Regan Martin fixed her gaze on the video camera and took a deep breath.

She sat outside a strip mall in Matteson. Trucks sped by on the highway, as shop workers on break took drags from cigarettes.

Martin wished she was in the comfort of her living room. But six days earlier, on May 23, she had fled her Crete home.

Her ex-husband, John Samolis, 32, was released from prison that day after serving 19 months for brutally assaulting her. Now that he was out, Martin feared he would kill her.

She had been trying to escape him for two years. But, like so many women before her, Martin found that there is no witness protection program for victims of domestic violence. Disappearing is lonely, expensive and almost impossible.

She had tried to move out of state with their children, only to learn that abusers—even convicted felons—rarely lose visitation rights. If she left Illinois without permission, Martin would be considered a child abductor.

She changed her Social Security number, but that often carries a host of problems, too.

Increasingly desperate, Martin, 33, agreed when a victims' advocate suggested she make a video to serve as testimony if Samolis did take her life. That's what led her to the noisy, wind-blown parking lot of the mall.

The record button clicked, and Martin started to talk. Her story was long, complicated. As she recounted her harrowing experiences with Samolis, her face reddened with frustration.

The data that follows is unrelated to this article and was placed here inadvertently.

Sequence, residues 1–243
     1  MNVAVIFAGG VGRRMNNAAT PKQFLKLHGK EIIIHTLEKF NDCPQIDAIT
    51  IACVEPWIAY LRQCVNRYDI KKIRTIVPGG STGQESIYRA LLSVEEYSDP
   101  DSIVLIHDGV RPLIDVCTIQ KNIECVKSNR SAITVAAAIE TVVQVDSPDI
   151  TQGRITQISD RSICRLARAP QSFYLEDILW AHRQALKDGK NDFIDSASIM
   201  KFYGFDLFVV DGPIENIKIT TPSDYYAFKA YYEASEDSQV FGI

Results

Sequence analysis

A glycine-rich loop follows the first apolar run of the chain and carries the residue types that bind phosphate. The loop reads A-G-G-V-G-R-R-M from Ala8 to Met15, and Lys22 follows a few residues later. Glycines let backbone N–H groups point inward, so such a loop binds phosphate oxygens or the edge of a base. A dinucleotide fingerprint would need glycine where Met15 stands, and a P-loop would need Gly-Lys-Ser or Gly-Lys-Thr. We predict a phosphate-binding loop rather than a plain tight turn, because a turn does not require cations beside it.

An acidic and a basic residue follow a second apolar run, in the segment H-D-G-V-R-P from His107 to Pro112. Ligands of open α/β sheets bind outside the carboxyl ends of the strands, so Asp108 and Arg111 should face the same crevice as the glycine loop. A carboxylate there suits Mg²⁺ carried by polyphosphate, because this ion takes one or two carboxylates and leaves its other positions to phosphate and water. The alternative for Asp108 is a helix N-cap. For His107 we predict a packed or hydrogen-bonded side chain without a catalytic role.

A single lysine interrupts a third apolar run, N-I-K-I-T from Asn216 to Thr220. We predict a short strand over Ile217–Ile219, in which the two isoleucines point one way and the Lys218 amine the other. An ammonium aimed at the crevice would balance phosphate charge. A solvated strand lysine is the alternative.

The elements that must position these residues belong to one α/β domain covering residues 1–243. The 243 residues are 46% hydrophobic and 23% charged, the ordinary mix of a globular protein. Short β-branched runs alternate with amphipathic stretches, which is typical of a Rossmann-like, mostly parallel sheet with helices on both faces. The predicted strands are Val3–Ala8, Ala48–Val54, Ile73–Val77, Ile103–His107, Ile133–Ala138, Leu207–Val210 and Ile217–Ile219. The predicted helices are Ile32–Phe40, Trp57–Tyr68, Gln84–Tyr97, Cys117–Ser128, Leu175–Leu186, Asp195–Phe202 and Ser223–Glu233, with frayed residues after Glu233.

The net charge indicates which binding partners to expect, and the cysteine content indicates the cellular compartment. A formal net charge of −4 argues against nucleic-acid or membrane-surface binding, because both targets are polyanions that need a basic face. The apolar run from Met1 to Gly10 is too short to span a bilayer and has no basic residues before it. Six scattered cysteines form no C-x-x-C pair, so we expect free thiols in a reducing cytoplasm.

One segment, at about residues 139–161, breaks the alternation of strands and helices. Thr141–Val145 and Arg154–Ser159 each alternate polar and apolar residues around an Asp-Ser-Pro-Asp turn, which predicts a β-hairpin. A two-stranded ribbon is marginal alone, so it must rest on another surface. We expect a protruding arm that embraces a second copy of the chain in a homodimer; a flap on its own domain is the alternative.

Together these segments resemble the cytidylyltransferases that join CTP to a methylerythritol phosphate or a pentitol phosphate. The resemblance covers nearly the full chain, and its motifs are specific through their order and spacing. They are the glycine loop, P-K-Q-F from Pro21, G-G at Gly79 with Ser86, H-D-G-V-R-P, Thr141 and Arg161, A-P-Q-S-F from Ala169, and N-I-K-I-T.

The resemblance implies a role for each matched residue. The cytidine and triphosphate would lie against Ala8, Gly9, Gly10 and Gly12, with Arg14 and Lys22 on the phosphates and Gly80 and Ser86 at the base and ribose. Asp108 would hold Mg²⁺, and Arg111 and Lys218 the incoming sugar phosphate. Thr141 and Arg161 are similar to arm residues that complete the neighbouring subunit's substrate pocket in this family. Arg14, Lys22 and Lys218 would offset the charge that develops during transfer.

"If they can't find me," she said, looking directly at the camera, "I guarantee it's because John has come after me."

♦ ♦ ♦

On Memorial Day weekend, 2006, Martin lay in bed at St. James Hospital in Chicago Heights. Bruises covered most of her body. Her wrists were bloody, her lower lip split and swollen.

Nurses had given her morphine and tended to her wounds. Now, a police officer hovered over her bed.

He wanted her to sign a complaint that would allow Will County to prosecute her husband for criminal sexual assault, aggravated domestic battery and unlawful restraint. Wincing in pain, Martin reached out her hand.

Seven years had passed since she met Samolis on the dance floor of a bar in Chicago Heights.

The night ended with him writing his name and phone number on one half of a dollar bill, her name on the other. He ripped the bill down the middle, slapped his half on Martin's hand and stuffed the part with her name in his pocket.

Six months later the two were married, the ripped bill taped back together and tucked behind a framed photo on the wall of their Steger home.

Though Samolis denies it, Martin said the abuse started while they were dating. After each blow or shove, she convinced herself that he was telling the truth when he promised never to do it again.

Then a 24-year-old college dropout, she was eager to provide her young daughter from a previous marriage, Deaven, with a family environment.